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'The Welcome Table': Recipes from Maya Angelou

ED GORDON, host:

Poet, writer, performer, teacher and director, Maya Angelou, is in her 70s. But she by no means is slowing down. No matter what medium she's working in, her mastery is in capturing the good and the bad in all she creates. Her most recent work, "Hallelujah! The Welcome Table: A Lifetime of Memories with Recipes," has recently been released in paperback. She says the book of collected recipes is important because cooking can be yet another way to talk to people.

Dr. MAYA ANGELOU (Poet, Writer, Performer, Teacher, Director; "Hallelujah! The Welcome Table"): Food served is always more than just food served. That is to say, it is more than just fuel for the body. Depending upon who has prepared the food and who has served it and with what spirit, it can uplift the--and around the world, in every culture, food is used to flirt, to be coy, a raise in the employment or to search for employment. It can bring warring factions together. Food can be used to apologize. So I use it with my respect for the ingredients and I love that it is--there's a science in cooking. I love knowing what heat under certain circumstances will do to certain foods. And then I love preparing it carefully and presenting it beautifully and sharing it generously with my table mates.

You know, people are talking, aba dabba, dabba, dabba, and then they swallow something and there's--then someone says, `Mm, mm, mmm,' and I know I've put--I mixed the groceries the right way.

GORDON: Yeah. That's when you know you done good, right?

Dr. ANGELOU: I done good.

GORDON: Let me ask you this, Doctor. One of the things that we wanted to talk to you about is you have been such a great guide to all of us about understanding the humanity in this world. When you look around today, what are we missing? It seems as though, whether it be our leadership or sometimes just on the day to day that--we are missing just the commonsense humanity. Man's inhumanity to man seems to be stepping up a bit more than I think any of us would like to see.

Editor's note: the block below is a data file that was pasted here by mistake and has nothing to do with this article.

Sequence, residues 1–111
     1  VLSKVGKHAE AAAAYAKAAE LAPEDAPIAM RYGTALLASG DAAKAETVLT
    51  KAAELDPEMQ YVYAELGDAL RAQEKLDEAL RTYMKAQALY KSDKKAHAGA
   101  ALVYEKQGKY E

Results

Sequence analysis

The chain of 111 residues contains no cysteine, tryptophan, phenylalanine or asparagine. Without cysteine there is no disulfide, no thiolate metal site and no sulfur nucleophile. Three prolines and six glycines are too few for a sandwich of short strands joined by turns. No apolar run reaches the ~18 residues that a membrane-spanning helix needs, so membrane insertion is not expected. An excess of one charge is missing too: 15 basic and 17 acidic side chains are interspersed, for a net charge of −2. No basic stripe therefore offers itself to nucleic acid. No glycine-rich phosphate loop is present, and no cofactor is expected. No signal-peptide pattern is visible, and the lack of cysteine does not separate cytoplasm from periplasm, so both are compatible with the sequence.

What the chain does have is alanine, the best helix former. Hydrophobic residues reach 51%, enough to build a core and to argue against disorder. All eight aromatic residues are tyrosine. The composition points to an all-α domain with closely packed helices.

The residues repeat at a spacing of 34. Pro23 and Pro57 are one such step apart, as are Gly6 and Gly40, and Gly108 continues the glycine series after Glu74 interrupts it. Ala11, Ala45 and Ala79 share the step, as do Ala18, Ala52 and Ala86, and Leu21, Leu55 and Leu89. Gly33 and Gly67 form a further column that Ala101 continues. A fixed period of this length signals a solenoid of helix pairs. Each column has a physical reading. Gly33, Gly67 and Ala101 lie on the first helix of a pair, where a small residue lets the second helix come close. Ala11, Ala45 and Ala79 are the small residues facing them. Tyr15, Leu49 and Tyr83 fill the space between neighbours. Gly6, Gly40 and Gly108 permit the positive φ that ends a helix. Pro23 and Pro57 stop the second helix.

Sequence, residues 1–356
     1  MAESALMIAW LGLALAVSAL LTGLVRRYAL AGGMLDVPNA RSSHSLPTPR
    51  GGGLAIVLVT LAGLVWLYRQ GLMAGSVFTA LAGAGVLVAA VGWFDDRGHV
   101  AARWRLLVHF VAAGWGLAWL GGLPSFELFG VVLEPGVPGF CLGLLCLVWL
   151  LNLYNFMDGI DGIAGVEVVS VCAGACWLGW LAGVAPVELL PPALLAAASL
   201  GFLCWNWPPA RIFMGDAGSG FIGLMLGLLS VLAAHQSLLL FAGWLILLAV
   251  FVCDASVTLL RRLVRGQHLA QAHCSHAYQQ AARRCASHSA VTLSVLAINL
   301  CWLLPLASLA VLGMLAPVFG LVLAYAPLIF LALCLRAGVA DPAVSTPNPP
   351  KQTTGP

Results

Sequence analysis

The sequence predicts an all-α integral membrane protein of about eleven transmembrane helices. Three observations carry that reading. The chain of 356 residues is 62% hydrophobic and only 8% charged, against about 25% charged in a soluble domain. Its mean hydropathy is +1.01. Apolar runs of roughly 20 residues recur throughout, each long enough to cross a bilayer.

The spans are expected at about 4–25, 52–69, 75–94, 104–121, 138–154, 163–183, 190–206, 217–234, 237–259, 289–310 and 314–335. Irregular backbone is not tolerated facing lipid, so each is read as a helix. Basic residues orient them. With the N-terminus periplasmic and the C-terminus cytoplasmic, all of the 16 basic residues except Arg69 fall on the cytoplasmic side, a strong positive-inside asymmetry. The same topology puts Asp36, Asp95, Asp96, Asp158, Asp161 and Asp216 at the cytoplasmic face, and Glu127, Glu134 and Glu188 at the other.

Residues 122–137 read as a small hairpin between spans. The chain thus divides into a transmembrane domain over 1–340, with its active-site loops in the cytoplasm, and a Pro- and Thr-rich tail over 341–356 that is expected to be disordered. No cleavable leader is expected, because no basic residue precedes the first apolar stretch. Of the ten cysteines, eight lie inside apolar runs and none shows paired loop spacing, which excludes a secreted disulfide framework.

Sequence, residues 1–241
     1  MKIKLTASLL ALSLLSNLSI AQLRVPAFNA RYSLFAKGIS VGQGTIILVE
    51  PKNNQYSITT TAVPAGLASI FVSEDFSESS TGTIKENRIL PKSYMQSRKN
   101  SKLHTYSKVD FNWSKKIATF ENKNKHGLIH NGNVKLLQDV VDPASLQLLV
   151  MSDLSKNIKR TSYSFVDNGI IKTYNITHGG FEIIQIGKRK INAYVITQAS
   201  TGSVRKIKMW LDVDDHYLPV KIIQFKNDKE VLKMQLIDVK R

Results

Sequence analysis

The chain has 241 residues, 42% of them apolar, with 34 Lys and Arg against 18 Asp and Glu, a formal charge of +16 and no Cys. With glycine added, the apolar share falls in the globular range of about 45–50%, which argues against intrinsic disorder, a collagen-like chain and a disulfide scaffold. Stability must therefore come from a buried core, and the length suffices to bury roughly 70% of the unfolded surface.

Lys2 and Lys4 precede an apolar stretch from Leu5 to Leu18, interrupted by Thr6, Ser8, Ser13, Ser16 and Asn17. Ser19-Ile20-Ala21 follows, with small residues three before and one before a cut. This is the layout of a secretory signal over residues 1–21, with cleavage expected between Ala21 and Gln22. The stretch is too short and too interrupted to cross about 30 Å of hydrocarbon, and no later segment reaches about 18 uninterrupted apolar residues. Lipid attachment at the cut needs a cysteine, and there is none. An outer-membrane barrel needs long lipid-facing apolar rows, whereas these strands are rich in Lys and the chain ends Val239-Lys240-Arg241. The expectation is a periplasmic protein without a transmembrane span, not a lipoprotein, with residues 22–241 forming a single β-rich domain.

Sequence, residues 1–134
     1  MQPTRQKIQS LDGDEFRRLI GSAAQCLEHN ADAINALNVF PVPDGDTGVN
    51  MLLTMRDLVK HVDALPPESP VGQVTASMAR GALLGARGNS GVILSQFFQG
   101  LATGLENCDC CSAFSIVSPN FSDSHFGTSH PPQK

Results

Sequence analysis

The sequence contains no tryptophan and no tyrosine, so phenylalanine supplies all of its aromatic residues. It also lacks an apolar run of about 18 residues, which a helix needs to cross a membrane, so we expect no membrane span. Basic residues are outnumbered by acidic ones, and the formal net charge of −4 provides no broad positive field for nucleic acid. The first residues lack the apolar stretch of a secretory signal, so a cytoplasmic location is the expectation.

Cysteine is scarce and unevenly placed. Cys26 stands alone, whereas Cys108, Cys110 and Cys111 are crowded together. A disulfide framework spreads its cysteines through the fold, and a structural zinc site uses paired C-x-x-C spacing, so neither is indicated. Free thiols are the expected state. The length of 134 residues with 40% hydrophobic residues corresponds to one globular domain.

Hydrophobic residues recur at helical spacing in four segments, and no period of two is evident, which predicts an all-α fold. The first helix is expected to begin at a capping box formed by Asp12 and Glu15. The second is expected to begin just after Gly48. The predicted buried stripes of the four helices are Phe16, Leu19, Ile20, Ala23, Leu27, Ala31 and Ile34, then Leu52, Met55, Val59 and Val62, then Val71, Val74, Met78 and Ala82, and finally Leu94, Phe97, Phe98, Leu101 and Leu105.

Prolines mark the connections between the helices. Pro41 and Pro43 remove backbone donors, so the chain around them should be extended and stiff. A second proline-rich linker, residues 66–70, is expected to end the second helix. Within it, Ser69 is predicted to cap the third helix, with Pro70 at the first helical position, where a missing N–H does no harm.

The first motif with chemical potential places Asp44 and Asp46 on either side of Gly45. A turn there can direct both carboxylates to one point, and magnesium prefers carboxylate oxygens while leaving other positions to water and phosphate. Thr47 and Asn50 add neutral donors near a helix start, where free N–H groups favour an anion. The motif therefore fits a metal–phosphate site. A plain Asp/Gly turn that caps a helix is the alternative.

Dr. ANGELOU: Well, I think something really rather dangerous has happened. I think that there's been an attempt to terrify Americans. And I don't mean just by the terror--the acts of terrorists. But I mean--which is in itself is ridiculous and horrid. But there's been an attempt to make Americans scary. Now one thing about Americans, whether you like us or not, whether you agree or not, black, white, Asian, Spanish speaking, Native American, there is this--three words say that this is an American, and it is: Yes, I can. They--yes, I can. I can be the biggest jerk in the world. Yes, I can. And yes, I can, I can be the kindest person you ever dreamed of. Yes, I can. I can do many things. Yes, I can.

Well, this introduction of fear takes that away from the America. I mean, it reduces her and his confidence and something is replaced by that which is pessimism. And to see--young people are pessimistic, are cynical, is really tragic because it means they have gone from believing nothing to knowing nothing. And vice versa. We do have a chance to lay down the burden of ignorance and ig--burden of racism and sexism. We have a chance right now to say I will not pay passage to these ideas. I will not carry these anymore. They don't make sense and they devastate my country.